Climate change drives widespread shifts in lake thermal habitat

Benjamin M. Kraemer, Rachel M. Pilla, R. Iestyn Woolway, Orlane Anneville, Syuhei Ban, William Colom-Montero, Shawn P. Devlin, Martin T. Dokulil, Evelyn E. Gaiser, K. David Hambright, Dag O. Hessen, Scott N. Higgins, Klaus D. Jöhnk, Wendel Keller, Lesley B. Knoll, Peter R. Leavitt, Fabio Lepori, Martin S. Luger, Stephen C. Maberly, Dörthe C. Müller-NavarraAndrew M. Paterson, Donald C. Pierson, David C. Richardson, Michela Rogora, James A. Rusak, Steven Sadro, Nico Salmaso, Martin Schmid, Eugene A. Silow, Ruben Sommaruga, Julio A.A. Stelzer, Dietmar Straile, Wim Thiery, Maxim A. Timofeyev, Piet Verburg, Gesa A. Weyhenmeyer, Rita Adrian

Research output: Contribution to journalArticlepeer-review

92 Scopus citations


Lake surfaces are warming worldwide, raising concerns about lake organism responses to thermal habitat changes. Species may cope with temperature increases by shifting their seasonality or their depth to track suitable thermal habitats, but these responses may be constrained by ecological interactions, life histories or limiting resources. Here we use 32 million temperature measurements from 139 lakes to quantify thermal habitat change (percentage of non-overlap) and assess how this change is exacerbated by potential habitat constraints. Long-term temperature change resulted in an average 6.2% non-overlap between thermal habitats in baseline (1978–1995) and recent (1996–2013) time periods, with non-overlap increasing to 19.4% on average when habitats were restricted by season and depth. Tropical lakes exhibited substantially higher thermal non-overlap compared with lakes at other latitudes. Lakes with high thermal habitat change coincided with those having numerous endemic species, suggesting that conservation actions should consider thermal habitat change to preserve lake biodiversity.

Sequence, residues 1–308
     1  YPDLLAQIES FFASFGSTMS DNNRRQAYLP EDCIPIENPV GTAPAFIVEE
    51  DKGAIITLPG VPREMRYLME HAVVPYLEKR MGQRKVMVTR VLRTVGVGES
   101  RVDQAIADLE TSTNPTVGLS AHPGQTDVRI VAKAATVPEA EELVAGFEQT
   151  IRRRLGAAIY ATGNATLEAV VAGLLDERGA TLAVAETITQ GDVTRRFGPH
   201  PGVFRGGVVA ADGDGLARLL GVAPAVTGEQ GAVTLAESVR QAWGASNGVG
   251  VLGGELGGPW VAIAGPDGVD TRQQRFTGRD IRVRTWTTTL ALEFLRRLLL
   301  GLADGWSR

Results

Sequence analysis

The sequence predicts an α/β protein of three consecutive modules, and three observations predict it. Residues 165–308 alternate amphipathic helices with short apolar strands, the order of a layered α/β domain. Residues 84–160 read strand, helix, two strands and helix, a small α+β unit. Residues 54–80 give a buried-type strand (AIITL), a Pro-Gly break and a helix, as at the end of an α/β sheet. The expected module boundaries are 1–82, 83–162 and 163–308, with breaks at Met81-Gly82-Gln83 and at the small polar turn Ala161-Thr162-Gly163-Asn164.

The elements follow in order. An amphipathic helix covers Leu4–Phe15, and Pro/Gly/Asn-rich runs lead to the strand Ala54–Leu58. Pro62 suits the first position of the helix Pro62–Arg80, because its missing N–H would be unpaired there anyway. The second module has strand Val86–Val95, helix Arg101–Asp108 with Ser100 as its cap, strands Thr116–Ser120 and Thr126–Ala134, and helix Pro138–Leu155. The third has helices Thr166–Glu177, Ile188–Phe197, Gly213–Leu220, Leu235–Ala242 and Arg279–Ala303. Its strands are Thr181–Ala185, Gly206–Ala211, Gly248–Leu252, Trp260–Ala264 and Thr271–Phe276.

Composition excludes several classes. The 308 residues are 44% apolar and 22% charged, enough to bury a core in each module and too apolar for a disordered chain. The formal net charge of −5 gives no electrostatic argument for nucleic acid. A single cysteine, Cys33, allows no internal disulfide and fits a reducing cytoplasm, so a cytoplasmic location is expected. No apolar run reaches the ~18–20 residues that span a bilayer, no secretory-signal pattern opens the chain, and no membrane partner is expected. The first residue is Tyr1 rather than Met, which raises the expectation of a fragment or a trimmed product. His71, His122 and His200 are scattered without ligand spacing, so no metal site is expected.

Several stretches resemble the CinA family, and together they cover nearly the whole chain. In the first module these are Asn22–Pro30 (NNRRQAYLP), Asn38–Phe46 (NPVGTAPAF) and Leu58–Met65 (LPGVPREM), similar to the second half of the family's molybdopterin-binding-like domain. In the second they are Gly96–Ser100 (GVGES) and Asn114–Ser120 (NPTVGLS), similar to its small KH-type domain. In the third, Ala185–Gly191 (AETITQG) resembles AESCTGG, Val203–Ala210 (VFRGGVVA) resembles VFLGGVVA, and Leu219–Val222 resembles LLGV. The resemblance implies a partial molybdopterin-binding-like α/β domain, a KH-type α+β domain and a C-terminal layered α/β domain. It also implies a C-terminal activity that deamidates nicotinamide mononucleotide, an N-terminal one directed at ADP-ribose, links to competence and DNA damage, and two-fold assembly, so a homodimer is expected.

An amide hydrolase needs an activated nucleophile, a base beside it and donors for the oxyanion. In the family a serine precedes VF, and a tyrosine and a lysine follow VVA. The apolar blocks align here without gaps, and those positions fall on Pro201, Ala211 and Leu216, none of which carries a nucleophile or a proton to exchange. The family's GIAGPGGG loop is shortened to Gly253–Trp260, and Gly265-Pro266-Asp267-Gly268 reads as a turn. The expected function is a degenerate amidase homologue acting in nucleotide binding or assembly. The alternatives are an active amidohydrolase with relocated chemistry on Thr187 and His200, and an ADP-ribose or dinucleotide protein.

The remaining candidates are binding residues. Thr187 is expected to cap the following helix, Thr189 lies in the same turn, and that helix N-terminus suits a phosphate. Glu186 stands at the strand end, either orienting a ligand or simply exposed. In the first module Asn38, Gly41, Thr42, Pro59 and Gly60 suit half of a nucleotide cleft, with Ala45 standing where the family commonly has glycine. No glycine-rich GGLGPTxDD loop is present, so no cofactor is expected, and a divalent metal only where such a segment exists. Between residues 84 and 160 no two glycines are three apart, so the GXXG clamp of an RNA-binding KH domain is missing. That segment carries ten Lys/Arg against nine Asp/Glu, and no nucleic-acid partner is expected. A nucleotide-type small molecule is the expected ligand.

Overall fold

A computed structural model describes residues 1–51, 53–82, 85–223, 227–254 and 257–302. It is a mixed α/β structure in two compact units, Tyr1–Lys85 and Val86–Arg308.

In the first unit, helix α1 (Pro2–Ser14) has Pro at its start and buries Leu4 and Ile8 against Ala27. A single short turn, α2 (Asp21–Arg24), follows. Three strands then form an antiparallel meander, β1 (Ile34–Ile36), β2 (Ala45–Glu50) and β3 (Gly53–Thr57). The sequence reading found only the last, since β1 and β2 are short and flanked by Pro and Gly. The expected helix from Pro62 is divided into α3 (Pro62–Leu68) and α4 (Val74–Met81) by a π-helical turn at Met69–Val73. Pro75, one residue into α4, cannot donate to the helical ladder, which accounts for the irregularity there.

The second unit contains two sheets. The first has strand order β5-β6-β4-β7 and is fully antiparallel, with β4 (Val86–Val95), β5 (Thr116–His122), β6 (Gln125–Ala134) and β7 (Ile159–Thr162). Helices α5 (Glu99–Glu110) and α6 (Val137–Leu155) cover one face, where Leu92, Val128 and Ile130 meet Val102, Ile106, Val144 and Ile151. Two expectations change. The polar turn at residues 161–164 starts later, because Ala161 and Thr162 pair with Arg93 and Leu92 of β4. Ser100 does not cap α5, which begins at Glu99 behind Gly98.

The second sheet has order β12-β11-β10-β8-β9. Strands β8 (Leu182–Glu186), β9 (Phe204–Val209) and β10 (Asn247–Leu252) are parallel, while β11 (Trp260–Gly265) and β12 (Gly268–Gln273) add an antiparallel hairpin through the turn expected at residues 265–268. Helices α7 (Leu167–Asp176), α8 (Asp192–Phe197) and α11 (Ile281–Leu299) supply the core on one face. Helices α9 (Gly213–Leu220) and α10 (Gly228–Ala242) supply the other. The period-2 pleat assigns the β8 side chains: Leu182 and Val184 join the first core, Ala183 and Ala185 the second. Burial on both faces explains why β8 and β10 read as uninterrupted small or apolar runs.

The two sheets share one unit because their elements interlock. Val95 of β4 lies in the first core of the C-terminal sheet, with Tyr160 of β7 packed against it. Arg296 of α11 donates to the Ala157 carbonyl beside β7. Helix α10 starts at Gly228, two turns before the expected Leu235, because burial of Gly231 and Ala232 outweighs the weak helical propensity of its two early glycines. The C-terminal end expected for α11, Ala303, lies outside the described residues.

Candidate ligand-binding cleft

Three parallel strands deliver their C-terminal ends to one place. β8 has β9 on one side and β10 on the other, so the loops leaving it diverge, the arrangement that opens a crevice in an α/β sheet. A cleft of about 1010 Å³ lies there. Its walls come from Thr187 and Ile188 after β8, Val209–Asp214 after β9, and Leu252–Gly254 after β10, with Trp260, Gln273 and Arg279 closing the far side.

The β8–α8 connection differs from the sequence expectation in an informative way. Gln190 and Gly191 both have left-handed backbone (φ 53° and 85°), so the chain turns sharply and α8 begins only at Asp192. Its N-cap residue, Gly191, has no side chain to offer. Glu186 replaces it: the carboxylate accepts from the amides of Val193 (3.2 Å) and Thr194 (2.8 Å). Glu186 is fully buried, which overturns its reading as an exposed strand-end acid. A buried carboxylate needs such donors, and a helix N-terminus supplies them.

Original languageEnglish
Pages (from-to)521-529
Number of pages9
JournalNature Climate Change
Issue number6
StatePublished - Jun 2021


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